One of my favorite things to find in our industry is a hard rock or metal band with women absolutely killing it when it comes to their music production. As many of you know, my wife’s band Conquer Divide is an all-female group filled with insanely talented musicians. Each member of the band takes their craft super seriously and they push each other to get the best possible productions for each and every song they work on.
The results speak for themselves when you have that many talented & motivated individuals working together. The band is signed to Artery Records, nominated for a Kerrang Award for Best Song in 2015, and has millions of streams from fans around the world. They’re a success story that any band should strive to replicate.
That success wouldn’t exist without clean vocalist Kia Castillo and screamer Janel Duarte – both of which benefit from a modern vocal mixing approach to help take their performances in the studio up a level. Let’s take a look at how the processing for each type of vocal differs.
Clean Female Vocals
Clean female vocals in rock and other heavy genres are completely different than just about anywhere else in music. Whereas a Top 40 pop track might have a soft-spoken singer on top of a basic drum loop and pads, heavier genres need a bit of grit to cut through dense guitars and massive drums. Yes – in rock, even the clean vocals are a bit dirty.
Compression is an essential part of getting your clean female vocals to get through to your listener. It’ll help tame various peaks, but above all else it’s going to help your push that voice forward in the mix. I love driving a clean vocal hard into a vocal compressor like Gain Reduction 2 where I know it’s going to saturate without too much distortion.
As a word of caution – beware that the harder you push the vocal track, the more sibilance is going to start jumping out as well. Be ready with a de-esser or EQ to address any issues or use a compressor with built-in sibilance controls for a simpler workflow.
Whatever your mix approach is, a lot of the work that needs to go into clean vocals should happen on the front end of the project. Work with your singer to get all of the possible takes you could need to comp together the vocal track. Don’t hesitate to use doubles or harmonies for a fuller, more complex vocal mix. Most bands don’t spend enough time on their vocal production upfront and they final mixes end up suffering because of it.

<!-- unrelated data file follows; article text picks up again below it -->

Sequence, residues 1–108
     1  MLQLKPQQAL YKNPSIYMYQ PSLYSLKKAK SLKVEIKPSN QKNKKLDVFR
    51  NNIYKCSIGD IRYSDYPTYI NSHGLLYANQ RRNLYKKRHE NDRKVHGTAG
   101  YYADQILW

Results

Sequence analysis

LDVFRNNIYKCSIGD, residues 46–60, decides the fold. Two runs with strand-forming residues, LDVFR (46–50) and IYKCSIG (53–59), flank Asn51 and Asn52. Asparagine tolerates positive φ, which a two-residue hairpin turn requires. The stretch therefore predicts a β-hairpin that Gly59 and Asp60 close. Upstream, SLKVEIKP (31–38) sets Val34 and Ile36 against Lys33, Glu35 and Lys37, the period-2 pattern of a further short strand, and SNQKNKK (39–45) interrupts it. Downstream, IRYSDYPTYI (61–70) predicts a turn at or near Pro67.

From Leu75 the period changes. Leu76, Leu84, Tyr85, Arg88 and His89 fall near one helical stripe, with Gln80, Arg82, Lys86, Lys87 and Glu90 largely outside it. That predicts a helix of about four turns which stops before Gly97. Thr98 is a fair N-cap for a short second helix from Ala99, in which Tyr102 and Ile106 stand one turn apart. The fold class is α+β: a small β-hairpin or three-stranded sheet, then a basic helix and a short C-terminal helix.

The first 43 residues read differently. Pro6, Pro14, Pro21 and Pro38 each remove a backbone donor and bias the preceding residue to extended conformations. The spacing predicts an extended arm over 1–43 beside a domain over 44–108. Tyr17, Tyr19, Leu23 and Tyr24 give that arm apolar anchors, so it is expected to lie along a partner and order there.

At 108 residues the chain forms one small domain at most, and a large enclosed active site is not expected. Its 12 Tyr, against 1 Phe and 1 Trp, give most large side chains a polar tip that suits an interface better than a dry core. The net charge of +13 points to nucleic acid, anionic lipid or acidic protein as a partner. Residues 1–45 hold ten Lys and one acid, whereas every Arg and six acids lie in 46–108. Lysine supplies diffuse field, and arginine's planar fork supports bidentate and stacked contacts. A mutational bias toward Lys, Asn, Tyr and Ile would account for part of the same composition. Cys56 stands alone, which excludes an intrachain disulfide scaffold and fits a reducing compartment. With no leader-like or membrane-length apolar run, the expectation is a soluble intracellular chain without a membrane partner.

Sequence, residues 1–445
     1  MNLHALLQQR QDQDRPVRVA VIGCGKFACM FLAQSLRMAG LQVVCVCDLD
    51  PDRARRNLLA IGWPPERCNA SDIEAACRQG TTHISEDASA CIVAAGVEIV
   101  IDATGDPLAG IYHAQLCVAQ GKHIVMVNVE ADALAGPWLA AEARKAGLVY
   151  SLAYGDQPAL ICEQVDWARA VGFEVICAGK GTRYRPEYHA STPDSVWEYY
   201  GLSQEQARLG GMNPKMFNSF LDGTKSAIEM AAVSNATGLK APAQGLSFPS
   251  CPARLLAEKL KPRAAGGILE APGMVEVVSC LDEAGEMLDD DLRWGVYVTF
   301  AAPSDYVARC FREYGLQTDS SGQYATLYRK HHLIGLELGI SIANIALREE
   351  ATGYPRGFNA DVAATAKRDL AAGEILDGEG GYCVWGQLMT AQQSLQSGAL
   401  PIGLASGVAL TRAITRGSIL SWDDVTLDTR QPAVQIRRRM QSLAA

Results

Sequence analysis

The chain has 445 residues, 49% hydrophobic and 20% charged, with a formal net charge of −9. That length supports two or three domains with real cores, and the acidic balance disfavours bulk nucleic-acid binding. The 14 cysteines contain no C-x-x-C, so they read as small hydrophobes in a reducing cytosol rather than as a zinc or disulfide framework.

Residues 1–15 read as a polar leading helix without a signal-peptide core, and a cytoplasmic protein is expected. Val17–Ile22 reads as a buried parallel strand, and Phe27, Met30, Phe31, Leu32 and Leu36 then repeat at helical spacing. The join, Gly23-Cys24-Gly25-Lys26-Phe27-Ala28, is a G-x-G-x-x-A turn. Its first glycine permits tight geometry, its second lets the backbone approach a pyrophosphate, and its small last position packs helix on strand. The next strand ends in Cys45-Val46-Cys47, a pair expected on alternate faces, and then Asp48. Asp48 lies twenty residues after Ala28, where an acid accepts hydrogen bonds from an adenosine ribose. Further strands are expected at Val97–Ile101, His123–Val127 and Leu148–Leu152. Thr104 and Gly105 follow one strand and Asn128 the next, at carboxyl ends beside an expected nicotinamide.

Unclean Vocals & Scream
Unclean vocals also deserve attention during the production phase, but mixers tend to be a little more flexible with how they go about fitting them into the mix. A great unclean vocal or scream track is one that takes processing easily, which often means a solid performance into a dynamic microphone. When tracking unclean vocals, it’s all about the energy of the singer – the grit of their voice should come naturally.
Because most singers tend to stay in a particular range when screaming, it can be easy to identify a frequency range that suits them and carve it out of other instruments like guitars where they might be competing to be heard. Just like with clean vocals, EQ can be there to help you shape the vocal and mold it into your mix while a compressor will help your bring the best parts front and center while reducing any transients or louder sections jumping out in front.
Lots of singers train to learn how to control their air in a way that helps them belt out notes. Just listen to any female-led rock band on the radio today and you’ll hear a strong, powerful voice singing at you. Even blues and folk rock bands have started to take this approach.
Knowing how to perform this way is key, as Alla Bulgakova explains in her demonstration of Gain Reduction 2:
Practice Makes Perfect
Whether you’re a singer or vocal producer, knowing the main ways to achieve a full and dynamic vocal mix is the first step toward getting a radio-ready song that you can be proud of. Especially in the genres we work with, you need to be prepared to mix clean & unclean vocals in contrast in your mixes. You need to know when and where to stack vocals and when to leave your vocal mix sparse.
All of these techniques are covered in our eBook, The Ultimate Vocal Producer’s Guide, which is available to JST VIP members on their dashboards.